Death wore a diadem is something of an oddity; a lesbian detective novel set in 19th century Scotland. It works very well, but somehow left me wanting more.
The plot centres around the theft of the Grecian Diadem bought by the Empress of the French to Edinburgh and stolen during her visit to a school for the daughters of the gentry. A crime investigated by Christabel and her lover Eleanor. The author knows her stuff when it comes to creating a picture of the city and the period, and weaves historical fiction with real events culled from the media of the day with skill. You wander the damp streets and visit primitive hospitals and feel you are there.
She gives you a wide cast of characters, canny Scots coppers, repressed Calvinist teachers, air-headed young girls who, were they to be alive to day would certainly speak in fluent ‘valley girl’ and be termed ‘mall rats’ . To top off this list we have the headstrong, wilful and thoroughly delightful Christabel MacKenzie, who has fallen wildly in love with young teacher and aspiring medic Eleanor. They are a great couple, and ought to be the stuff of lesbian detective legend. The author obviously loves them to bits. So its therefore surprising that, at the end of the book, they seem to have done so little and so little about them is concluded; its almost as though there was going to be a sequel which didn’t happen. Does Eleanor go to America to study medicine? Does Christabel do something interesting in later life? Do they stay together or find somebody new? I wanted to know more about them. The other opportunity which I felt was missed was the exploration of what it was like to be a lesbian daughter of the gentry. Somehow, while you do see Christabel and Eleanor going about their lives, exploring their relationship, and having sex - you never feel informed about the issues and challenges they would have faced; the pressure to marry, social attitudes (remember Queen Victoria refused to believe that lesbians existed), etc.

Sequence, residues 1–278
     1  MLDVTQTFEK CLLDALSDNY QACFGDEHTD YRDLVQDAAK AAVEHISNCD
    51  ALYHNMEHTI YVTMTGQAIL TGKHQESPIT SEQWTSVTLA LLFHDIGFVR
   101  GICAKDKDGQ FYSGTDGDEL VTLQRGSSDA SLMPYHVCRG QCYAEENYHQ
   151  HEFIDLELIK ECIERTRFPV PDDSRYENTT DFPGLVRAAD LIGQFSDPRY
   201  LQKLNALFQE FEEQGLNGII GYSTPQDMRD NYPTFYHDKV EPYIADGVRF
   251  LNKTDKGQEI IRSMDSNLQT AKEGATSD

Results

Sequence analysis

This is not to say that this isn’t a very readable and enjoyable book, it is both. I also suspect that you’ll find Christabel great fun (a teenage girl heroine you almost wish you were). It’s probably out of print now, but if you see a second hand copy, treat yourself.
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